Drug and Alcohol Dependence 2009;99(1-3):28-36. [doi: 10.1016/j.drugalcdep.2008.06.016]
Douglas M. Ziedonis, MD, MPH (Robert Wood Johnson Medical Center, DV Node), Leslie Amass, PhD (Friends Research Institute, PR Node), Marc Steinberg, PhD (Robert Wood Johnson Medical School, DV Node), George E. Woody, MD (University of Pennsylvania, DV Node), Jonathan Krejci, PhD (Mercer Trenton Addiction Science Center, DV Node), Jeffrey J. Annon, MA (Integrated Substance Abuse Programs, UCLA, PR Node), Alan J. Cohen, MA, MFT (Bay Area Addiction Research and Treatment, PR Node), Nancy Waite-O'Brien, PhD (Betty Ford Center, PR Node), Susan M. Stein, MS, RPh (Wayne State University School of Medicine, GL Node), Dennis McCarty, PhD (Oregon Health & Science University, OR/HI Node), Malcolm S. Reid, PhD (NYU School of Medicine, NY Node), Lawrence S. Brown, Jr., MD, MPH (Addiction Research and Treatment Corporation, NY Node), Robert Maslansky, MD (New York University School of Medicine Bellevue Hospital, NY Node), Theresa M. Winhusen, PhD (University of Cincinnati/CinARC, OV Node), Dean Babcock, MSW (Midtown Community Health Center, OV Node), Gregory S. Brigham, PhD (Maryhaven, Inc, OV Node), Joan A. Muir, PhD (Center for Family Studies, U. of Miami, FL Node), Deborah Orr, PhD (Center for Drug-Free Living, FL Node), Betty J. Buchan, PhD (Operation PAR, Inc., FL Node), Terry Horton, MD (Phoenix House, LI Node), Walter Ling, MD (Integrated Substance Abuse Programs, UCLA, PR Node).
Few studies in community settings have evaluated predictors, mediators, and moderators of treatment success for medically supervised opioid withdrawal treatment. This report presents new findings about these factors from a study of 344 opioid-dependent men and women prospectively randomized to either buprenorphine–naloxone or clonidine in an open-label 13-day medically supervised withdrawal study (protocols CTN-0001 and CTN-0002, "Buprenorphine/Naloxone versus Clonidine for Inpatient/Outpatient Opiate Detoxification"). Subjects were either inpatient or outpatient in community treatment settings, but were not randomized by treatment setting. Medication type (buprenorphine–naloxone versus clonidine) was the single best predictor of treatment retention and treatment success, regardless of treatment setting. Compared to the outpatient setting, the inpatient setting was associated with higher abstinence rates but similar retention rates when adjusting for medication type. Early opioid withdrawal severity mediated the relationship between medication type and treatment outcome with buprenorphine–naloxone being superior to clonidine at relieving early withdrawal symptoms. Inpatient subjects on clonidine with lower withdrawal scores at baseline did better than those with higher withdrawal scores; inpatient subjects receiving buprenorphine–naloxone did better with higher withdrawal scores at baseline than those with lower withdrawal scores. No relationship was found between treatment outcome and age, gender, race, education, employment, marital status, legal problems, baseline depression, or length/severity of drug use. Tobacco use was associated with worse opioid treatment outcomes. Severe baseline anxiety symptoms doubled treatment success. Medication type (buprenorphine–naloxone) was the most important predictor of positive outcome; however the paper also considers other clinical and policy implications of other results, including that inpatient setting predicted better outcomes and moderated medication outcomes. (Article (Peer-Reviewed), PDF, English, 2008)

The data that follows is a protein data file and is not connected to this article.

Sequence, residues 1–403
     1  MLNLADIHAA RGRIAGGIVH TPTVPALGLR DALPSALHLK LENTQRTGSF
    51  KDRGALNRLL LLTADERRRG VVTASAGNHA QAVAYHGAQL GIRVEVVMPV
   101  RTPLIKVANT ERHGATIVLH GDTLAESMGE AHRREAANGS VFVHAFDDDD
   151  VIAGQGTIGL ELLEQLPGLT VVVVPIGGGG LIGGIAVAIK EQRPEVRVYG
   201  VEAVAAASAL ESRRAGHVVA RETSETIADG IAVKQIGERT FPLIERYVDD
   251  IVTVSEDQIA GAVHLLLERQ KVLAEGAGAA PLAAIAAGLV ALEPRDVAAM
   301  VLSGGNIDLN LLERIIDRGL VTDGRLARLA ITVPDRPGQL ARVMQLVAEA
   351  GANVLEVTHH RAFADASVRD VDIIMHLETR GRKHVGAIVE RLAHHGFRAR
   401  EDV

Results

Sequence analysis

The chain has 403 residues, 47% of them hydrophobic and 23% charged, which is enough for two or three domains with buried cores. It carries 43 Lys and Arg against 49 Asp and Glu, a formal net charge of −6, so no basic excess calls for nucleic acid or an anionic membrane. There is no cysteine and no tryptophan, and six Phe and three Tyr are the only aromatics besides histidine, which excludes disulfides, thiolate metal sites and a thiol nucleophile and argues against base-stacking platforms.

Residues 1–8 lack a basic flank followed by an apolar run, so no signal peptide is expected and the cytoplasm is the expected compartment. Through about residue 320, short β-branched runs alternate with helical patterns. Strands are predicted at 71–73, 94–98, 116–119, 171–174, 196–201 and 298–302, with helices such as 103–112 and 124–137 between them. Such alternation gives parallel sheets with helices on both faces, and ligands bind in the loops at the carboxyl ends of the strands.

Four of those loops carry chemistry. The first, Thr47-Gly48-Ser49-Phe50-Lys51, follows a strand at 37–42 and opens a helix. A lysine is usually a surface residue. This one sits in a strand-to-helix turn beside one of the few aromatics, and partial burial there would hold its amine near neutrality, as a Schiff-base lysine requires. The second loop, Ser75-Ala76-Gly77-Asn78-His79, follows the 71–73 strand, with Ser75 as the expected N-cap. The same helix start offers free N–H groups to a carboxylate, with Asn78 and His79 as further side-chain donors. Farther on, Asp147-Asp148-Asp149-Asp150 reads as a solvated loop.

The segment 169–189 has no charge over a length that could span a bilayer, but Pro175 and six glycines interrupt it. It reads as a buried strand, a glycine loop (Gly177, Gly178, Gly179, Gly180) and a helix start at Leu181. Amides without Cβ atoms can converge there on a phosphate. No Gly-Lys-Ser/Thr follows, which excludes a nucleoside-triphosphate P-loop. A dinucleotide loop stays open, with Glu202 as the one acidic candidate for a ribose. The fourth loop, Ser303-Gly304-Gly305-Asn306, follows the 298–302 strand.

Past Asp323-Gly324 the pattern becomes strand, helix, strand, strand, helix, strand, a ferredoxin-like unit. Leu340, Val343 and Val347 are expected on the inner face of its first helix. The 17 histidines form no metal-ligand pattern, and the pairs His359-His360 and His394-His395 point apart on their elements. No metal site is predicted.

Keywords: Buprenorphine/Naloxone | Clonidine | Effectiveness trials | Opioid dependence| Opioid detoxification | Pharmacological therapy | Suboxone | Drug and
Alcohol Dependence (journal)
Document No: 318, PMID: 18805656, PMCID: PMC2770269
Submitted by CTN Dissemination Librarians, 9/23/2008.